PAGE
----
An Efficient Work Flow for Planning Well Completions and Forecasting Profitability
- Chris Carpenter (JPT Technology Editor)
- Document ID
- Society of Petroleum Engineers
- Journal of Petroleum Technology
- Publication Date
- July 2015
- Document Type
- Journal Paper
- 110 - 113
- 2015. Society of Petroleum Engineers
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- 57 since 2007
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This article, written by JPT Technology Editor Chris Carpenter, contains highlights of paper SPE 169821, “Well Completions and Profitability: A Horn River Shale Case Study,” by C.R. Ross, SPE, and D.M. Anderson, SPE, IHS; C.P. Stephens, SPE, Calfrac Well Services; and C. Virues, SPE, Nexen Energy, prepared for the 2014 SPE Hydrocarbon Economics and Evaluation Symposium, Houston, 19–20 May. The paper has not been peer reviewed.
The objective of this paper is to develop and demonstrate an efficient work flow that will help stakeholders make better decisions in the area of completion planning. The work flow uses information from fracture modeling, production-data analysis, and project economics to quantify the relationship between the key input parameters of the well completion (pumping rate, proppant, and fluid pumped) and expected profitability expressed in net-present-value (NPV) terms.
Over the past decade, completion costs have risen because of longer laterals, higher pressures, and an increase in stages and in fluid and proppant pumped. As completion teams continue to see economic production from larger completions, it is safe to assume that the cost of completions will remain high relative to total well cost. While drilling costs are generally spread out over weeks or months, completion costs are highly concentrated at the end of the development phase. Furthermore, the risk of unforeseen costs in the completion phase creates significant uncertainty in profitability. This type of cash-flow profile (Fig. 1) causes the completion phase to largely determine the profitability of a well. It is difficult to separate the impact of completion and reservoir effects on production.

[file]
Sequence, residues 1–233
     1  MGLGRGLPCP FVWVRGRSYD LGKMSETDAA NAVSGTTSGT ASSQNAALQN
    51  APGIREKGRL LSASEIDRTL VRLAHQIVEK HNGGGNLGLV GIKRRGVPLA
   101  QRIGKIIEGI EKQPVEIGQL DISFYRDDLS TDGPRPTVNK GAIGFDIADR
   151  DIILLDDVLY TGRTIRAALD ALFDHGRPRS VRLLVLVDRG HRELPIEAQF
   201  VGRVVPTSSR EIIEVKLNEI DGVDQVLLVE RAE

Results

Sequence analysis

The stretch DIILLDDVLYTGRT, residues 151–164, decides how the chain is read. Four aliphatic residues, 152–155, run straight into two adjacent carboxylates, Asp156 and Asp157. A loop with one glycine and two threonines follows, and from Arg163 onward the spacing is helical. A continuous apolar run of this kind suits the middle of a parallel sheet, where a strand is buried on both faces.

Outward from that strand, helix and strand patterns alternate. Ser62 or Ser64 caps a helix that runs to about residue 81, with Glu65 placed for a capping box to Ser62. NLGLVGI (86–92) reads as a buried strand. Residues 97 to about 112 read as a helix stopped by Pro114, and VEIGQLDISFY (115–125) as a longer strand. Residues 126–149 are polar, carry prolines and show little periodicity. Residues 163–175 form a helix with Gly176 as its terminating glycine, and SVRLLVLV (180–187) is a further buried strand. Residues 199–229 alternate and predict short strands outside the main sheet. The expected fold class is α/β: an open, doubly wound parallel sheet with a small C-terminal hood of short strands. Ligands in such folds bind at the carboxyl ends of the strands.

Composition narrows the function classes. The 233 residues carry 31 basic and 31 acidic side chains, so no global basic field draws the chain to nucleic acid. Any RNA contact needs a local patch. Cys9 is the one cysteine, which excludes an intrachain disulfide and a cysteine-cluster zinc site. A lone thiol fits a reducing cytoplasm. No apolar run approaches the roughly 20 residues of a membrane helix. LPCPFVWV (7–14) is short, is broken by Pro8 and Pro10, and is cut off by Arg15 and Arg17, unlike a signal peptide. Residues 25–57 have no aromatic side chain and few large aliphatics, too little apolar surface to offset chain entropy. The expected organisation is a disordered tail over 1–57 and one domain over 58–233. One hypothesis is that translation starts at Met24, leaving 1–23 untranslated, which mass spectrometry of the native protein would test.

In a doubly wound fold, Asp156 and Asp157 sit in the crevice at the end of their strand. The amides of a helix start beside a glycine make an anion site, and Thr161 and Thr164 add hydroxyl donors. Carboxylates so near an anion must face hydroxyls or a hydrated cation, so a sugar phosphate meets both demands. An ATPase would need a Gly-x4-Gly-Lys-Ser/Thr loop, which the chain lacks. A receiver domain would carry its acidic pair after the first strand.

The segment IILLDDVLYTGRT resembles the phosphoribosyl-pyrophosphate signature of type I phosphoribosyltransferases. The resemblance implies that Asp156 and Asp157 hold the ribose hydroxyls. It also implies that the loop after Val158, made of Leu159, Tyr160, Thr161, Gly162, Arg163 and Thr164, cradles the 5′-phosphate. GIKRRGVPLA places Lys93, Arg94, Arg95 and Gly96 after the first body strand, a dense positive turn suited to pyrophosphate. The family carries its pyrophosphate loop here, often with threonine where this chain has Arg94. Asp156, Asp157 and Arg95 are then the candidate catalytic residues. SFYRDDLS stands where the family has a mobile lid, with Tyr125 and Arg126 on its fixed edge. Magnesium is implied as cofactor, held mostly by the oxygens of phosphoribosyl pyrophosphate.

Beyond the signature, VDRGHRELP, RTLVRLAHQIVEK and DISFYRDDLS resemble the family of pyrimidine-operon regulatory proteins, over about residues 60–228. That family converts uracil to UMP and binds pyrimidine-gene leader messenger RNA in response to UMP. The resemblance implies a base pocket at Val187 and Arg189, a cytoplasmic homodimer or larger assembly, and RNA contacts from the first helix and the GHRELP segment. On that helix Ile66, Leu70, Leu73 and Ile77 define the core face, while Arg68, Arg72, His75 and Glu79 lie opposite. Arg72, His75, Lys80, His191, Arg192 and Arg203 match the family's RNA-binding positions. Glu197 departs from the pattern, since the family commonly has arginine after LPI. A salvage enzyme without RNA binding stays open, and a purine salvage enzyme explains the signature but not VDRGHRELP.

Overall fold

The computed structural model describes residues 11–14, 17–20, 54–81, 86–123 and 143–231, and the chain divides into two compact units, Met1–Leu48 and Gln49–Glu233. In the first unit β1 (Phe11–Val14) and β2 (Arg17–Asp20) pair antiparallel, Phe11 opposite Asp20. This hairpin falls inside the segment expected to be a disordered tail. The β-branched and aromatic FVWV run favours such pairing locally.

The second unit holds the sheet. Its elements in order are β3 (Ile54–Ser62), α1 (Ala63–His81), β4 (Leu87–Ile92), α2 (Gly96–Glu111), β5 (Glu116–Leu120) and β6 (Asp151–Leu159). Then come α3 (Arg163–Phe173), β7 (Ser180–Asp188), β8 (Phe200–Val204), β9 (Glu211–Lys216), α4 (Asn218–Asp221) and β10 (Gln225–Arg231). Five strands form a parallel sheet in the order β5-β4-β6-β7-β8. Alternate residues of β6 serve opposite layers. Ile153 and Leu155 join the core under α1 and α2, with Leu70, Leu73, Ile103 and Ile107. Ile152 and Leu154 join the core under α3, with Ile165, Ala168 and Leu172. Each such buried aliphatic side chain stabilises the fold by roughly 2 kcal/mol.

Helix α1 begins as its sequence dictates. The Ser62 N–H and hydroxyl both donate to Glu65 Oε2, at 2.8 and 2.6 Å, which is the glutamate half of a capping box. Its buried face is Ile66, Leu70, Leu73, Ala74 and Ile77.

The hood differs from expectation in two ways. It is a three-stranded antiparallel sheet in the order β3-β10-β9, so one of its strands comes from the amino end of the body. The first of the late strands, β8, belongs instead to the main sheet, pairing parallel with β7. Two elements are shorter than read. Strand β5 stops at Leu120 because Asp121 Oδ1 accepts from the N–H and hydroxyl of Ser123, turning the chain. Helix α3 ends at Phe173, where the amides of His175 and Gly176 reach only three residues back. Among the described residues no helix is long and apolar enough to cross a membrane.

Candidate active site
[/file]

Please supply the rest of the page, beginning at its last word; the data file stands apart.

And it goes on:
A quick review of the variation in completions used currently (provided in the complete paper) emphasizes that different strategies are needed to maximize profitability in different plays.
Summary of Work Flow
The purpose of this work flow is to evaluate the effectiveness and profitability of a completion for a well that has an established production history, with the intention of recommending improvements for future well completions. This work flow is best applied at an initial decision phase. Essentially, this work flow combines fracture modeling with production-data analysis—two independent techniques. Effective fracture height, length, and conductivity are key to linking the two methods.
Although a shale-gas case study is presented in the complete paper to illustrate the work flow, it is intended to be of use on any producing oil or gas well. The work flow should be thought of as a modular process into which analysis methods can be substituted as required.
|File Size||2 MB||Number of Pages||4|